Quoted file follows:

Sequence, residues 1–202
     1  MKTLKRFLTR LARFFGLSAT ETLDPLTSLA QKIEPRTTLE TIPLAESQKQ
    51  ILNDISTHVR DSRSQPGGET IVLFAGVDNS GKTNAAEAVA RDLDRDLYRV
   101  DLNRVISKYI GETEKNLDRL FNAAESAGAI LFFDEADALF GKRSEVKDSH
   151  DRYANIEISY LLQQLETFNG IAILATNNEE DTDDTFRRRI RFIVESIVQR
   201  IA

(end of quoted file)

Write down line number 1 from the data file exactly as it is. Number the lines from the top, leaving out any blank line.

Sequence, residues 1–202